There are four people in our house. Three of us are doing work or school virtually: I’m a seventh grade English teacher at a school that’s entirely virtual for now, so I spend a large part of my day leading Kahoot! activities and reminding kids to mute themselves and not put profanity in the chat. My husband is often in meetings or, well, doing whatever else he does for work. I’ve never been completely sure. One child is learning to count to 20 and sometimes puts her shoes on correctly. Our other child, a fourth grader, attends school virtually—and is failing English.
Our house is a busy place. While we often have help from grandparents for our 3-year-old, this leaves my fourth grader to his own devices when it comes to virtual school. When the year started, we helped him write down all his Zoom codes, set up a desk, bought some spiral notebooks, and hoped for the best. With everybody working and overwhelmed, he didn’t really have a choice about being independent.
At first, our hands-off approach to virtual school was a resounding success.
I’ll admit it: When I stopped by my son’s room to drop off a load of laundry during his math class, I smirked at all the other parents who were visible in their child’s little Zoom box. “Leave them alone!” I thought. “They can do it!” Sure, I’d toss a few multiplication problems at him while we threw the Frisbee during our breaks. We’d maybe talk about the theme a little when we read at night. But that was it. Otherwise, he was on his own. His grades were good, and he seemed to be learning.
All was great until my husband checked his grades a week or two ago. And, well, it turns out things weren’t going as well as I’d thought. Oh, he was doing great in math and science, the subjects that come easily for him. But when we scrolled down to his language arts grade, things got dicey. Fictional narrative: 66. Unit one assessment: 50. Theme quiz: 48. He was failing English. Yikes.
Like any former straight-A student (When I was in fourth grade, I cried over a B on a spelling test.), my first inclination was to panic when confronted with failure. What should I do about my son’s abysmal grades? Clearly, he was a burgeoning illiterate, probably destined for a life in prison. Judging by his grades, he wouldn’t even be able to spell his homemade tattoos correctly! But I had to calmly assess my options for a few minutes. I’m a public school teacher; hiring someone to sit with him and help complete his work isn’t in the budget. (Nor do we have space in our house, as my husband can attest.)
Maybe I could spend more time working on schoolwork with him. As I pondered this, my daughter inexplicably bit me on the leg, the dog threw up in a corner, and six students texted to tell me I hadn’t fixed the sharing settings on the homework. That wasn’t going to be an option, either.
My kid’s failing English grades were his problem, and he was going to have to figure it out.
My kid doesn’t have any special needs that we know of. He’s a good reader who’s often lazy when it comes to writing. He wasn’t failing English because he didn’t understand the material; his grades were low because he wasn’t doing his best. I’m a teacher, and I know that some kids absolutely need more support, especially with the executive functioning skills required for online learning. I don’t know what we’d have done in a situation where my kid needed additional supports, but our approach would definitely have been different.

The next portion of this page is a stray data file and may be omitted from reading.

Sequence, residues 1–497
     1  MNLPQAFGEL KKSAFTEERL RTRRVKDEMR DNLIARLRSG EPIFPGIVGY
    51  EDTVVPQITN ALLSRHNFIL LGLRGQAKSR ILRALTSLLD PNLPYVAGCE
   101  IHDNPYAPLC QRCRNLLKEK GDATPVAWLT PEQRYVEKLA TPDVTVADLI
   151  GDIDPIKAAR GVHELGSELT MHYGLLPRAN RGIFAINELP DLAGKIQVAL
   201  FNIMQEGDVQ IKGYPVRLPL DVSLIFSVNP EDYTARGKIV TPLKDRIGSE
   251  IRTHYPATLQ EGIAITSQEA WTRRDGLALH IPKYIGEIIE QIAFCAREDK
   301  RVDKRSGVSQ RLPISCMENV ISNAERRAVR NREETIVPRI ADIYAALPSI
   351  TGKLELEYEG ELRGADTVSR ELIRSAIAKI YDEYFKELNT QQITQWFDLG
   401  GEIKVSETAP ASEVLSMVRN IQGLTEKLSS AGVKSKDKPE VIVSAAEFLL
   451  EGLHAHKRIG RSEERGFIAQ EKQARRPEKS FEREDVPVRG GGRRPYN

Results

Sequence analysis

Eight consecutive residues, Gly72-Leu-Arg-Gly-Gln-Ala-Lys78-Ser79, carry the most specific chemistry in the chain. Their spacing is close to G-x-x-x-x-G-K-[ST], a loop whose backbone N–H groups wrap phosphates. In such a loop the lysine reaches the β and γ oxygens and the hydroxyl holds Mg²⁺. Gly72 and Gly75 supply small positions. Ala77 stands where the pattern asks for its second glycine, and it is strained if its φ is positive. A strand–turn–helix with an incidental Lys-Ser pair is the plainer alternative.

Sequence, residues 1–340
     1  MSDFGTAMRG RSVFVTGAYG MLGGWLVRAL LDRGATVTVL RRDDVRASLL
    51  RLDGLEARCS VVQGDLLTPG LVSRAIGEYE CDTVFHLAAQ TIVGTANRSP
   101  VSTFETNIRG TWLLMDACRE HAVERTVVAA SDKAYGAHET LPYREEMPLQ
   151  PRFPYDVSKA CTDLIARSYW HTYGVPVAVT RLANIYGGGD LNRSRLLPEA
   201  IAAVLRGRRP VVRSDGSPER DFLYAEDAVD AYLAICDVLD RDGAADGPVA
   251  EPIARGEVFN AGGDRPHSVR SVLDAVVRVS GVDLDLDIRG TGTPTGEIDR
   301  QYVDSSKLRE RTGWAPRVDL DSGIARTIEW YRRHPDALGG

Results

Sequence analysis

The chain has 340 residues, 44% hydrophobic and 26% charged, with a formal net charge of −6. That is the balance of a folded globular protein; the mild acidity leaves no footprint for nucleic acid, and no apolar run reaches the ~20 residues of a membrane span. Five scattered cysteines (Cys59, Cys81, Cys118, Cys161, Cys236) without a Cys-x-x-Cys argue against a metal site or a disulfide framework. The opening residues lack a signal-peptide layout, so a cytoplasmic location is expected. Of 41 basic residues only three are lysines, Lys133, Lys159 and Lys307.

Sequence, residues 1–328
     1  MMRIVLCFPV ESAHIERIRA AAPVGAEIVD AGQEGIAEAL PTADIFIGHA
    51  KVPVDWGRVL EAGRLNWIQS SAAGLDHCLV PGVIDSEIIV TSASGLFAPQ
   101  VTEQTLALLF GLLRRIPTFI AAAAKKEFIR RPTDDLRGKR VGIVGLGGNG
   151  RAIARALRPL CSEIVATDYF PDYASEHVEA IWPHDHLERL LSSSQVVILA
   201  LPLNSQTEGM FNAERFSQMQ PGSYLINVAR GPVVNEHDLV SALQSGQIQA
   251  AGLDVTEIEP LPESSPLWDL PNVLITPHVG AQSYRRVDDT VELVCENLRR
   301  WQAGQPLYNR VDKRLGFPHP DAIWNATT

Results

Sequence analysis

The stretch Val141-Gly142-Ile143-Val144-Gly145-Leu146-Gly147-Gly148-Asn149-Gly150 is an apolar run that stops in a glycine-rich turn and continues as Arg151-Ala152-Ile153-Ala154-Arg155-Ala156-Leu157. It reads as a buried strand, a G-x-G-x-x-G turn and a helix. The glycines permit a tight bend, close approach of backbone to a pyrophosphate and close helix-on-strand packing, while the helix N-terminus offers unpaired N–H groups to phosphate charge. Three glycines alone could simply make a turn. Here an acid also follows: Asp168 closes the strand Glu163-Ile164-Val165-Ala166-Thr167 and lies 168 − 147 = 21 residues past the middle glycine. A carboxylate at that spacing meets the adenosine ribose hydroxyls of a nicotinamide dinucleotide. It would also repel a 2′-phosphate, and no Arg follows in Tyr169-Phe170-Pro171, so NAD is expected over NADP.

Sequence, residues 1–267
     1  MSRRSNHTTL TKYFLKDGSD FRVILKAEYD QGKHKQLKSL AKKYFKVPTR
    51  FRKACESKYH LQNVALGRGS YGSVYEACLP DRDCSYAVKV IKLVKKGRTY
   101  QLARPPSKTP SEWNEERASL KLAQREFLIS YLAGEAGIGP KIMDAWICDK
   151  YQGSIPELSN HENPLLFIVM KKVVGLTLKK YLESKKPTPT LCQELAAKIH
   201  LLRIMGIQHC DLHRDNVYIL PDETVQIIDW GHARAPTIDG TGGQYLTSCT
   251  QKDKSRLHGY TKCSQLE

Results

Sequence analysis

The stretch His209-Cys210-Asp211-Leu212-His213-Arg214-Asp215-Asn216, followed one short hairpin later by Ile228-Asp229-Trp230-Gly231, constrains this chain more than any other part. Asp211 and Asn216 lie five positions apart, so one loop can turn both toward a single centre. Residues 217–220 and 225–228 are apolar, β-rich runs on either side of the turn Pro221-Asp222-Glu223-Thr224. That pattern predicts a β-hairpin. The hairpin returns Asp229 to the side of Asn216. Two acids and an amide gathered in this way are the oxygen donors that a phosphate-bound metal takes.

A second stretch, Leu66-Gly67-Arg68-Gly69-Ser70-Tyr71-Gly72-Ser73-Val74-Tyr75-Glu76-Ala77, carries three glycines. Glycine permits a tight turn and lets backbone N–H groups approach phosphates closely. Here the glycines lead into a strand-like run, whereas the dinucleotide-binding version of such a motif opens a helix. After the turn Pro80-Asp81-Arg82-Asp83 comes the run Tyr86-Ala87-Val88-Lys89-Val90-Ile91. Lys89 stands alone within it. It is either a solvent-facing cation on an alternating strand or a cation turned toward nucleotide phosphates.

Anyway, the next time our breaks matched up, I asked my son if I could take a look at his last English test, the one where he’d made a 50. As I’d suspected, he’d skipped three of the ten questions. He knew the jig was up. “What now?” he asked. So we made a plan. Now, he shows a parent his language arts work before he turns it in. If it’s not his best work, we make him redo it. If he gets a failing English grade, we go over the assignment together to figure out how he could have done better. The catch is that we do this during the time he normally gets to spend playing on his tablet. Boom. Motivation to do it right the first time.
It does require a little more time and input from the adults in the house, but my son’s grades are still fully his responsibility.
I emailed his teacher to let her know our plan. She offered to let him retake the test he’d failed, but we declined. We’re trying to focus on learning, not grades. I had gone over the test with him, and we’d talked about the right answers; that was enough. We generally both have a break after his language arts class is over, so instead of playing outside, we’re spending ten minutes going over his assignments and making sure he knows how to do them.
I’m still not sitting in on his classes. I’m not asking his teacher for extra credit or makeup assignments, and I’m not hiring a tutor or putting him in remedial online English classes. He probably won’t end up with an A this semester. But hopefully he’ll end up with a few other skills. For instance, he’ll know that it’s easier to stay on top of his work than try to pull his grades up later. He’ll know how to communicate with his teacher about what he’s missing. And he’ll know that being lazy about school results in more work later.
Full disclosure: I have no idea if this approach will actually succeed. But making him responsible for his own schoolwork is our only real option, and I have high hopes that he can handle it.